The “super sniper” who goes by the nom-de-guerre Wali rather boastfully went to Ukraine in March to fight on the Ukrainian side “because they want to be European and not Russian”. The “world’s deadliest sniper”, a former Canadian soldier with experience in Afghanistan, he was capable of killing up to 40 men a day. Well, he’s back home now and glad to be. Things didn’t go as he expected – not a fun holiday plinking lots of Russians and running up his score. Quite the opposite in fact. “Hell” says his mate “Shadow”. And no sniping either, just incoming huge explosions. “Shadow” won’t be returning to the front either – “I’ll just stay here in Lviv and be as useful as I can be.” “Wali” tells the same stories and the final experience described by “Shadow” seems to have been enough for him too.
Their stories mimic testimonies from many other foreign fighters who rushed into Ukraine following Zelinsky’s invitation. Chaos and disorganization are common complaints; many say that they have to equip and feed themselves; others that the Ukrainian high command treats them as expendable. The foreign groups themselves often suffer from internal confusions. The Russian strike on the Yavoriv training base on 14 March killed quite a few of them and many lost their taste for fighting and left afterwards. The British Sun newspaper goes over the top on one surrendered British “hero” but also reports no food, no ammunition and endless artillery bombardment. For many the message now is don’t go, it’s a trap.
Not the expected fun safari.
So what’s going on here? Many of the foreign volunteers weren’t couch potatoes who fancied their skills on computer games but had never seen actual fighting; they’d had experience in NATO’s wars and thought they knew what they were getting into. So what happened?
Watch this video. Afghanistan, US infantry take small arms fire from the building in front of them, call in an airstrike, a bullet appears to strike the ground in the camera field at 2:26, bomb hits at 2:32, Now watch this video. Afghanistan, US infantry in a hollow, some gunfire but pretty relaxed, call in the air force, A-10s arrive at 3:34 and make several passes, loud cheers. There are plenty more videos like this from NATO’s recent wars. Take fire, sit still, call in the air force to blast whoever is shooting at you. (Collateral damage? Who cares? Blow up the whole building and everybody in it.)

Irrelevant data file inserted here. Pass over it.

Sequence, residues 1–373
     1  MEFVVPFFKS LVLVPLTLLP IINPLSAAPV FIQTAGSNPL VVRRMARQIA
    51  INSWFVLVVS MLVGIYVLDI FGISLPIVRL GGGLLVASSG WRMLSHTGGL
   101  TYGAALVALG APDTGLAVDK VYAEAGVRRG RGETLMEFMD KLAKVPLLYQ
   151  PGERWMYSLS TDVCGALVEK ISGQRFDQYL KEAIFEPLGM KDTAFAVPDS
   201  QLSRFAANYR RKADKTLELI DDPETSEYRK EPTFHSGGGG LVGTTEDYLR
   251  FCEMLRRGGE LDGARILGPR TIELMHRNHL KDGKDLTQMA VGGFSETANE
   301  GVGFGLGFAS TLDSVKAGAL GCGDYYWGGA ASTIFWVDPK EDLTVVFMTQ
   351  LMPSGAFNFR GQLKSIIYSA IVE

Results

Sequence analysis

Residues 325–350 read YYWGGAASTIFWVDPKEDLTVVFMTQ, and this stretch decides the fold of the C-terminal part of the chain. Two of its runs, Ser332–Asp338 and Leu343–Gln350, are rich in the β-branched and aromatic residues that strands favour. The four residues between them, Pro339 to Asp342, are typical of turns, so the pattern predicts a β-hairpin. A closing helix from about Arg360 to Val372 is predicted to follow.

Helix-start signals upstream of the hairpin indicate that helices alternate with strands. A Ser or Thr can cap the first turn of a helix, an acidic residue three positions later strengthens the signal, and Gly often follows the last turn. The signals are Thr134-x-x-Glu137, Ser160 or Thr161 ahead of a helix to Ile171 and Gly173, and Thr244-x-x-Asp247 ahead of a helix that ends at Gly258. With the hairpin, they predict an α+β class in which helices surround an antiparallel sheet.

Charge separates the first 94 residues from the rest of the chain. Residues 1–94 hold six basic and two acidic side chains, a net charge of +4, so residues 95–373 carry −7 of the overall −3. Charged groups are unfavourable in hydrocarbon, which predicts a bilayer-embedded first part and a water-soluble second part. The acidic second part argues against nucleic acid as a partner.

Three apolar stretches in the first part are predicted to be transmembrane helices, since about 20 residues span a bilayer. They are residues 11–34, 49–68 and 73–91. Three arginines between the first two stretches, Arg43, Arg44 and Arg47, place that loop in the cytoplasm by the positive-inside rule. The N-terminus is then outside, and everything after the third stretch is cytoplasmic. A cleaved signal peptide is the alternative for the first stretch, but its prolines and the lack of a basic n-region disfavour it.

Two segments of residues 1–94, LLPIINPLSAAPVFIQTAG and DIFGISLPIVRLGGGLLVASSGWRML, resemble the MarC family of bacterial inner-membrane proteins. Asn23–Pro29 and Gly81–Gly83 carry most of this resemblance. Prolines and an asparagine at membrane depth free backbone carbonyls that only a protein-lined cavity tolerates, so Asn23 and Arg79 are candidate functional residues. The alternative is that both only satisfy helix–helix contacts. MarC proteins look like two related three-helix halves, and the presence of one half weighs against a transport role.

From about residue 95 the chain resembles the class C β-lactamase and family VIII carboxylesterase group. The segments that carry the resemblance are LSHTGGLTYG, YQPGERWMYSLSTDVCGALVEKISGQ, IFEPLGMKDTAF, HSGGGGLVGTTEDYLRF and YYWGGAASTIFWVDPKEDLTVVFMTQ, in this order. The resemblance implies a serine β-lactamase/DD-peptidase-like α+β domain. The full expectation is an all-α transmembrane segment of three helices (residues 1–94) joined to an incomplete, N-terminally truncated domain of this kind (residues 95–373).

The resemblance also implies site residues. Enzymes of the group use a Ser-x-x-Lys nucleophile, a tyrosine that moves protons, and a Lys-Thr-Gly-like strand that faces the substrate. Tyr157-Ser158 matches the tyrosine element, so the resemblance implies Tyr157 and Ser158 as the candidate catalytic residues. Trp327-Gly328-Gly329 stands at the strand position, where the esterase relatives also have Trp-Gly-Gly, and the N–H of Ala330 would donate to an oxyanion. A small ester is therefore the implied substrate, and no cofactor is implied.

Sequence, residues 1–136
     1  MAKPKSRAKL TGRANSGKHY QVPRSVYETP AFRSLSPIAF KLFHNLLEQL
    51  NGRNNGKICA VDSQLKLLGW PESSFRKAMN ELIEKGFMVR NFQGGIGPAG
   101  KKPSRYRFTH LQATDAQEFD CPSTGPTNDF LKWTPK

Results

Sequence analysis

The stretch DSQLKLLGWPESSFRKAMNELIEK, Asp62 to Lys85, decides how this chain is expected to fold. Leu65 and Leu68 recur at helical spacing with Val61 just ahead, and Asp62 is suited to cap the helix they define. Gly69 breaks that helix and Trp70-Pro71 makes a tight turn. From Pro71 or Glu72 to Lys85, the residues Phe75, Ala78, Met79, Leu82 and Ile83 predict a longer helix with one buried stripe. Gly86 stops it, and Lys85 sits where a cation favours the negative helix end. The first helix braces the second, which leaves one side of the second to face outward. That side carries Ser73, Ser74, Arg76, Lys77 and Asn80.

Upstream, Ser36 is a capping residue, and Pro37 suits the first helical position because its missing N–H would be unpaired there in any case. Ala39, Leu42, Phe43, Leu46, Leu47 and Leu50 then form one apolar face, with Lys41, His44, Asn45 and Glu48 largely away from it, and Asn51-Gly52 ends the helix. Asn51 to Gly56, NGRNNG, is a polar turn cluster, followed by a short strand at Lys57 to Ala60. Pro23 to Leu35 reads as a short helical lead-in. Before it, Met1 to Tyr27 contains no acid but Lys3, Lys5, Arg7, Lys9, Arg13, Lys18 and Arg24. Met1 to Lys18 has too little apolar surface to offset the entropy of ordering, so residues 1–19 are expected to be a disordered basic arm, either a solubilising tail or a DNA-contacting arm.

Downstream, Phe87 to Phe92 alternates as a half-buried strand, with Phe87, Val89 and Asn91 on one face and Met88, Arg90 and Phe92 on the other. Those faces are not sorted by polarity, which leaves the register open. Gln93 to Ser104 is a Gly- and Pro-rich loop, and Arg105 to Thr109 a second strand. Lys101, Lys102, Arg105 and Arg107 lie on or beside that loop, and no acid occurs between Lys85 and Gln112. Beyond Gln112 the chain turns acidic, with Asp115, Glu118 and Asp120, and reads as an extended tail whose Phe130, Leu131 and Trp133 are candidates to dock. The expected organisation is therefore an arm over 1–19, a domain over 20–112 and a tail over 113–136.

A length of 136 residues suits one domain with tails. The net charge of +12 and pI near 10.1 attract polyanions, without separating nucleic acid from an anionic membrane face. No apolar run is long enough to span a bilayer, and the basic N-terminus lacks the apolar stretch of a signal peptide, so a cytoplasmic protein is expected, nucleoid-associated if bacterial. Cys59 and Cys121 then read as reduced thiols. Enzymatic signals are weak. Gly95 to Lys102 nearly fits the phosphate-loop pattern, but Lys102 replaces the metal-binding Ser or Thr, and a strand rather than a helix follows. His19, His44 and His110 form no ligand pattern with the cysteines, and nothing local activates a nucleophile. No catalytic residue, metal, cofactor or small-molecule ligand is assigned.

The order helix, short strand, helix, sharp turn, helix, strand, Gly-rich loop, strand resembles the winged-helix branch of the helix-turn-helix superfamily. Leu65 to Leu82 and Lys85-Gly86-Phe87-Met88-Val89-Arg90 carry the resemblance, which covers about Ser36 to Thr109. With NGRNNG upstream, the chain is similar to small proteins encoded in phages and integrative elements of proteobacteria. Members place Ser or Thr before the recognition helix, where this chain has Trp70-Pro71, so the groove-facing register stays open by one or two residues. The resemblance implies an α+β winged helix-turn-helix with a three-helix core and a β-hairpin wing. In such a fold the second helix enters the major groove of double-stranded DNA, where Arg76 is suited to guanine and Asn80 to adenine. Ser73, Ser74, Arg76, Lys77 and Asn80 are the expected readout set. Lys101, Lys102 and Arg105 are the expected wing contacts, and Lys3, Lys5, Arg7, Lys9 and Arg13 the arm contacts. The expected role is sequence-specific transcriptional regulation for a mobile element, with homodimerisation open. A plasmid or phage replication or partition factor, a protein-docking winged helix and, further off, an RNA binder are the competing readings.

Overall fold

No doubt “Shadow” and “Wali” and the rest of them, remembering their experience in a NATO war, expected to be on the giving end. Instead they found themselves on the receiving end. In their interviews, they describe two front-line experiences in Ukraine. In the first they are setting up a sniper position in an apartment building (not using civilians as a shield, I hope) when they’re knocked out by a tank round. Never saw it coming. In the next story “Wali” learns how to use a Javelin anti-tank missile and the two set off to go tank-hunting. They find two Ukrainian soldiers in a trench and “Shadow” gets in the trench while “Wali” goes off to look at the Russian tank. The two Ukrainians get out to have a smoke – BANG! – when “Shadow” recovers consciousness, one of the Ukrainians is dead and the other dying. The two Canadians apparently decide that that’s enough for them. They never actually saw a Russian through their sniper scope.
What’s going on in Eastern Ukraine right now is something like the two Afghanistan videos but the other way around and on a much larger scale. The Russians inch forward, if they meet resistance, they plaster it with artillery. Inch forward, repeat. It’s slow but it’s destroying the Ukrainian Armed Forces (it’s destruction of the enemy’s fighting power, not territorial gain, that wins wars. Just ask NATO – capture Kabul in six weeks, leave twenty years later in defeat.) The daily briefings given by the Russian Defense Ministry mention hundreds of artillery fire missions every day. Ukrainian prisoners speak of continuous artillery fire. “The god of war” Stalin (or was it Suvorov?) called it. Here is the result of this relentless shelling.
The Western volunteers have no idea and neither do the cable TV “experts”. No one in NATO knows what it’s like to be on the receiving end. (“Shadow” and “Wali” and some others know now, however, but it doesn’t look as if they want to re-live the experience).
And that’s one of the reasons why Western coverage of the war is so off-track – the TV “experts” can only process what’s happening through their NATO-made spectacles.